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#486461 - 02/21/14 04:25 AM Preserving Wildlife Connectivity
Marty Offline

& Enhancing Human Development:

A Memorandum of Understanding (MOU) to establish and protect Belize’s biological corridors and core areas that function as habitat for jaguars and their prey will be signed at 10 a.m. on Friday February 21, at the Black Orchid Resort, Burrell Boom Village, Belize District.

Signatories to the MOU will include the Government of Belize, through the Ministry of Forestry, Fisheries, and Sustainable Development, the University of Belize through its Environmental Research Institute (ERI), and Panthera.

The ERI, is dedicated to the science and conservation of natural resources and the development of Belizean human capacity. Panthera is a global non-profit organization dedicated to the conservation of wild cat species and their habitats, with a long history of jaguar conservation efforts in Belize and the Mesoamerican region. The jaguar, because of its mobility and sensitivity to human presence, along with its ecological function and its role in human culture, can provide an effective focus for monitoring the integrity of core areas and for corridor identification and conservation.

Belize protects two large forest blocks (i.e., the Maya Mountain Massif in the south and the Rio Bravo Conservation and Management Area in the north) that function as core areas for the long-term conservation of Belize’s forest resources, wildlife, and ecological services. Parties to the MOU have agreed to establish and develop programs of cooperation in consultation with stakeholders, develop strategies for biological corridors in Belize that would serve to connect the core natural areas; promote the conservation of the corridors’ biological diversity, the maintenance of the vital functions of the corridor-and-core ecosystem and their integrated management.

Another notable feature of the MOU is to ensure that proposed corridors remain ecologically functional as well as supportive of the people, communities, and livelihoods of the residents of these areas. Panthera’s Jaguar Corridor Initiative is doing just that by connecting and protecting core jaguar populations from Mexico to Argentina within human landscapes, while strategically balancing and supporting sustainable and economic human developments and mitigating human-jaguar conflict in these regions.

Panthera has partnered with ERI to assure capacity building of Belizeans in the field of wildlife research, in particular jaguar research and conservation, and develop new collaborations with NGOs to assess the abundance and distribution of jaguars throughout Belize. The ERI, the Ministry and Panthera have also worked together towards corridor conservation in Belize, with Panthera supporting wildlife biologists at the ERI and a Jaguar Officer at the Ministry’s Forest Department.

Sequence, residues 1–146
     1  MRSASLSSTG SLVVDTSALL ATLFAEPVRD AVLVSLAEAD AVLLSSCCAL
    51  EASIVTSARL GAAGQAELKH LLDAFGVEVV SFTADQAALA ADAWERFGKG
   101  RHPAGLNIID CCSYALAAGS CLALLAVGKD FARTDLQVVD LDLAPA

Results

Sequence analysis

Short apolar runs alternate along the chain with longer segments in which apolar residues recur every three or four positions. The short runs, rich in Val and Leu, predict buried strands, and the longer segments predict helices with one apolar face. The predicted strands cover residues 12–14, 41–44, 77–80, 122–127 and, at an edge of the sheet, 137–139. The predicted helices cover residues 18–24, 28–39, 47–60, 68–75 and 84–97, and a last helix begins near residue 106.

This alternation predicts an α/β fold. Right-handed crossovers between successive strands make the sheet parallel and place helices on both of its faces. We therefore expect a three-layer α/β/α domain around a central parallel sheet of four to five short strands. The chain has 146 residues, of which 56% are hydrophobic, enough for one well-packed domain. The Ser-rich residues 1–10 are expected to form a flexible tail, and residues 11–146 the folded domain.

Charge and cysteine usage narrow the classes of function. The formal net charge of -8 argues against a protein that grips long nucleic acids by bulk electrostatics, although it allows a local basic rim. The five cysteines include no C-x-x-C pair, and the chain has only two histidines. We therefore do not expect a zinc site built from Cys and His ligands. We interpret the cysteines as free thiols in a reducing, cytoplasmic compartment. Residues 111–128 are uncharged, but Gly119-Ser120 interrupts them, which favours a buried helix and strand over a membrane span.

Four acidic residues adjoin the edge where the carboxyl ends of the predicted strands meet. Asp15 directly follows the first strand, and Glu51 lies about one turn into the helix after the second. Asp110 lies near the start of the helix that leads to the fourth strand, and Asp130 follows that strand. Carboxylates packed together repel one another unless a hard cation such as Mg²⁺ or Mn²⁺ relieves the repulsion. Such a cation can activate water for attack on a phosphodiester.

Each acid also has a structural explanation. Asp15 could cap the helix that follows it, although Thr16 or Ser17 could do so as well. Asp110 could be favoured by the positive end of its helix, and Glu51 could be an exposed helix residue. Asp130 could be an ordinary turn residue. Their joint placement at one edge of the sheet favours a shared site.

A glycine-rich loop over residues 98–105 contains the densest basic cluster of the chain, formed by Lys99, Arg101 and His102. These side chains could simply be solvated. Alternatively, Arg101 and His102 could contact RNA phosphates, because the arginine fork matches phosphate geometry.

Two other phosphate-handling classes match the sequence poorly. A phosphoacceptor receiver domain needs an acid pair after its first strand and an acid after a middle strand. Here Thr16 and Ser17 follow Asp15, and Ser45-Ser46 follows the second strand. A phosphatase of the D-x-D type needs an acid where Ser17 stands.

Through this partnership, Panthera has agreed to support the Ministry and ERI in securing funds for the management, monitoring and research within the area of common interest; whenever possible, the parties will seek external funding through cooperative proposals.

Signing on behalf of the Ministry of Forestry, Fisheries, and Sustainable Development, will be the Minister, the Hon. Senator Lisel Alamilla, Dr. Alan Rabinowitz, Panthera’s Chief Executive Officer, and Acting President, the University of Belize, Dr Wilma Wright.

#486523 - 02/22/14 04:13 AM Re: Preserving Wildlife Connectivity [Re: Marty]
Marty Offline

Belize Sign On To Jaguar Corridor Initiative

Today, Belize signed on with 18 other countries to a memorandum of understanding which an official commitment from Government and its environmental partners to collaboratively implement science-based conservation initiatives that secure and connect jaguars and their habitats in Belize and beyond its borders, facilitate land development that is both ecologically sustainable and economically profitable, and mitigate human-jaguar conflict throughout the country.

Now, it's an initiative which the experts say started in Belize, and it has finally come full circle with this MOU.

World renown Jaguar Expert was the main speaker at the Signing, and he explained that from his observations in other countries, Belize has the healthiest relationship with the big cat: